When I met Vipassanā meditation, I finally found a tool for dealing with whatever sensation would appear in the framework of my body – pain included! – because bodily sensations are the main object of observation in this practice. Whenever an uncomfortable sensation manifested in my body, I was taught to impartially observe it. No attachment towards pleasant sensations, no aversion towards unpleasant ones: I just had to be aware of their intrinsic impermanence.

This tool naturally helped me to sit still for longer periods. I began to sit on a cushion, either with crossed legs or in the Burmese posture, or on a wooden meditation bench in the Seiza posture. Being closer to the floor makes me feel more grounded and stable. Furthermore, when I sit with crossed legs my sitting bones do not hurt: I guess that this posture allows the buttocks’ muscles and the little fat I have to ‘fold’ and protect my bones in a more effective way…

After my first ten-day Vipassanā course, my back cramps were gone: by sitting still for many hours a day, my body had to learn to give up the grosser muscular tensions and to relax. Yet, my legs often became numb, and at times my joints got inflamed. I continued searching for a meditation posture more suitable to my bodily structure, by making small adjustments in the position of my legs and by using extra pillows as supports. My hip joints are quite tight, so I am not able to sit in the lotus. Furthermore, I have varus knees, and this seems to complicate the chances of crossing my legs comfortably.

Lately, I began to sit on a cushion, with crossed legs. The cushion lies on a thin mattress, which allows my feet to sink softly into the floor. I place two small trekking pillows between my knees and heels, in order to create space and support. My thighs rest parallel to the floor. I adopted this system in my last one-day Vipassanā course too. My posture felt very good for the first thirty minutes. Then, little by little, cramps and pain came and visit my legs, knees and hip joints. But somehow, this time I trusted that no harm would come from my sitting posture.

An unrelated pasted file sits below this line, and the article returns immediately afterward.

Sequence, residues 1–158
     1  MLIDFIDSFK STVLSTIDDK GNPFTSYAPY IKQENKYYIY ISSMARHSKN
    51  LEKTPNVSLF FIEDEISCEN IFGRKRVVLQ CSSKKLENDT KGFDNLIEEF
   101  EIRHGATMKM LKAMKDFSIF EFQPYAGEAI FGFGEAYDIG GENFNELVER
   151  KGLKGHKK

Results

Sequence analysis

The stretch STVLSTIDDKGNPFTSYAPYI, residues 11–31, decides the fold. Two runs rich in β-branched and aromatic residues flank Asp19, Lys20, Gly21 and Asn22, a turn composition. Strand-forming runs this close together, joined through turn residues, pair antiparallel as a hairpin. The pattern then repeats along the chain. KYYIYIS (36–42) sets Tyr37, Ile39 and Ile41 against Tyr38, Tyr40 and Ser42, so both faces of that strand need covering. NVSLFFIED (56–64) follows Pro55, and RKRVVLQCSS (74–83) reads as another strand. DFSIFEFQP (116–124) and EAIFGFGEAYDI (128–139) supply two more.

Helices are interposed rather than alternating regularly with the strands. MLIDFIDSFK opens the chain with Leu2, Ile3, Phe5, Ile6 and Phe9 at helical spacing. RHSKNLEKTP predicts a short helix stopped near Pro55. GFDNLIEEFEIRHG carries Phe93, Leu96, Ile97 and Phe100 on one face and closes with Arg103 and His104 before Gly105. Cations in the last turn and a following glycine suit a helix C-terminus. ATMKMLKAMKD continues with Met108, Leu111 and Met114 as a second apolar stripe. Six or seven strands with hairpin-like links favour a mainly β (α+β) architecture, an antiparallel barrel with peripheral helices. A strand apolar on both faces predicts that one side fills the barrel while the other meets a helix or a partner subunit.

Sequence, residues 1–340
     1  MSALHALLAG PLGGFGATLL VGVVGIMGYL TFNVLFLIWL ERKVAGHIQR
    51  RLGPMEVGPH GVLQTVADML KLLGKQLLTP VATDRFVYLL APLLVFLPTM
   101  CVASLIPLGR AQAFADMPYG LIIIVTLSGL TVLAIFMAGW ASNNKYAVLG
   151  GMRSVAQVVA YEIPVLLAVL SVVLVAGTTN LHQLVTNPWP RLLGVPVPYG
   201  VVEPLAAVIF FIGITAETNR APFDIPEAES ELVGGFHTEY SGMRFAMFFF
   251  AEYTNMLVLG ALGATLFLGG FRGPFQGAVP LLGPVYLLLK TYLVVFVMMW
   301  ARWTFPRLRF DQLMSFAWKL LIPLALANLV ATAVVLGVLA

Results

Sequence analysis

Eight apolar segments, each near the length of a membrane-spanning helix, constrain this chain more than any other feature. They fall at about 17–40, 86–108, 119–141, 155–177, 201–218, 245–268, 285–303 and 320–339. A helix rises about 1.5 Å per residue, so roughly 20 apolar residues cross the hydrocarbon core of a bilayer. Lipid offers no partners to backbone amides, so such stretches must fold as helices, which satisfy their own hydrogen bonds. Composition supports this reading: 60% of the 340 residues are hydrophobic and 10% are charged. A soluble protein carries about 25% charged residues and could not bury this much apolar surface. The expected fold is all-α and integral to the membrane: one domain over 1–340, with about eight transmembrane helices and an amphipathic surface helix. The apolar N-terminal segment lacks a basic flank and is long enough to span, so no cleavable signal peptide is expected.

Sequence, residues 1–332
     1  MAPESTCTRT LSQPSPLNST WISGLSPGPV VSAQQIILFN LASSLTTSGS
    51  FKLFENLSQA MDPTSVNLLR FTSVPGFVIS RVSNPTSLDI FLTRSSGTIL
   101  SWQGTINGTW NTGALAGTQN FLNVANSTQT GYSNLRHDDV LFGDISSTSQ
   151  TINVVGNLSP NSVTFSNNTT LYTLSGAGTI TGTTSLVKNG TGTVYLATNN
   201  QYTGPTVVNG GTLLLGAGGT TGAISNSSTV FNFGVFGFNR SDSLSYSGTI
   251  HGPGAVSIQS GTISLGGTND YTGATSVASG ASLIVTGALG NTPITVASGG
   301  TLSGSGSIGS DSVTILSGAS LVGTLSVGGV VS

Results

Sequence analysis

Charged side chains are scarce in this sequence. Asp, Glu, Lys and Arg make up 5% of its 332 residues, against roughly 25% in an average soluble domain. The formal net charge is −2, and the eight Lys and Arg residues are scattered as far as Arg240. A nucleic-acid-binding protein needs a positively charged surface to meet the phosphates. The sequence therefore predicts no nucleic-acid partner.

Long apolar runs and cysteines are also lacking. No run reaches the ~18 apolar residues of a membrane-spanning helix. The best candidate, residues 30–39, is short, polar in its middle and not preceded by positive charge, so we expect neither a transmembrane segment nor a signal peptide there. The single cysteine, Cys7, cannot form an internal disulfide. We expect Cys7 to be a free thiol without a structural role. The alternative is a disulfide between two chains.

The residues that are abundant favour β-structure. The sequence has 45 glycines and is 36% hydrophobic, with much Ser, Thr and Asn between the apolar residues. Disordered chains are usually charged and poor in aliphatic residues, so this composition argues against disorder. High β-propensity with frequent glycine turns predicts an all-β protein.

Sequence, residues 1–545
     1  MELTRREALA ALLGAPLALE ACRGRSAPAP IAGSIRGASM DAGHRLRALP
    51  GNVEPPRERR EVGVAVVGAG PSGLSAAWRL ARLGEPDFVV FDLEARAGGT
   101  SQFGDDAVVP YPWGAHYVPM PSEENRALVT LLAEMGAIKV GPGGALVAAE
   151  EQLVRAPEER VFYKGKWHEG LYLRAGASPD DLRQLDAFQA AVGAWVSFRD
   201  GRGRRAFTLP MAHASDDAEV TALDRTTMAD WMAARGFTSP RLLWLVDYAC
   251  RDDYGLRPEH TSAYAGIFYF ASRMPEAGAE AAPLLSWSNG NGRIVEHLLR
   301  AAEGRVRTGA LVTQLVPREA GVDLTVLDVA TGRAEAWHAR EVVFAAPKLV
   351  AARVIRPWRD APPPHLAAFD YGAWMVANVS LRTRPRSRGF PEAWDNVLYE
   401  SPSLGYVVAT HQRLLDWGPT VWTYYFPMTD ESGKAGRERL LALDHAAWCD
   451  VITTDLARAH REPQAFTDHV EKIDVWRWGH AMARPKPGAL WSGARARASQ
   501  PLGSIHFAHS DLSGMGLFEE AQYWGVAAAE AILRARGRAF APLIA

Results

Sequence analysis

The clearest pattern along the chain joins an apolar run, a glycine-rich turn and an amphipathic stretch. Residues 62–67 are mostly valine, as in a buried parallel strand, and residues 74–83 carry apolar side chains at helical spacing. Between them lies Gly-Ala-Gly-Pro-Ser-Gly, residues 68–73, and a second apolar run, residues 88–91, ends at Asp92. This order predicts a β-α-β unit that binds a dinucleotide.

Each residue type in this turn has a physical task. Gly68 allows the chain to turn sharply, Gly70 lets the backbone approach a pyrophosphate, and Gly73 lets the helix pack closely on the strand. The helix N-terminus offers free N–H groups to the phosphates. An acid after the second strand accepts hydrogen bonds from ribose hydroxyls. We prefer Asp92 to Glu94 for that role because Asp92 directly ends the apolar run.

It took a while to realize – and to admit! – that my cramps were caused by tiny contractions in the muscles around my joints, which gradually cumulated and became more intense. I wondered how I could not spot them before, in all these years. These contractions were the physical response to my mental reactions towards various thoughts and bodily sensations. For example, it was enough for me to feel slightly bored or frustrated, for growing a sense of oppression in my chest. Out of this uncomfortable sensation, I would react with further thoughts of rebellion, and I would unconsciously begin to contract one or two muscles in my most vulnerable joints. There the physical pain would start. But the truth was that before experiencing pain, I already generated the conditions for suffering in my mind.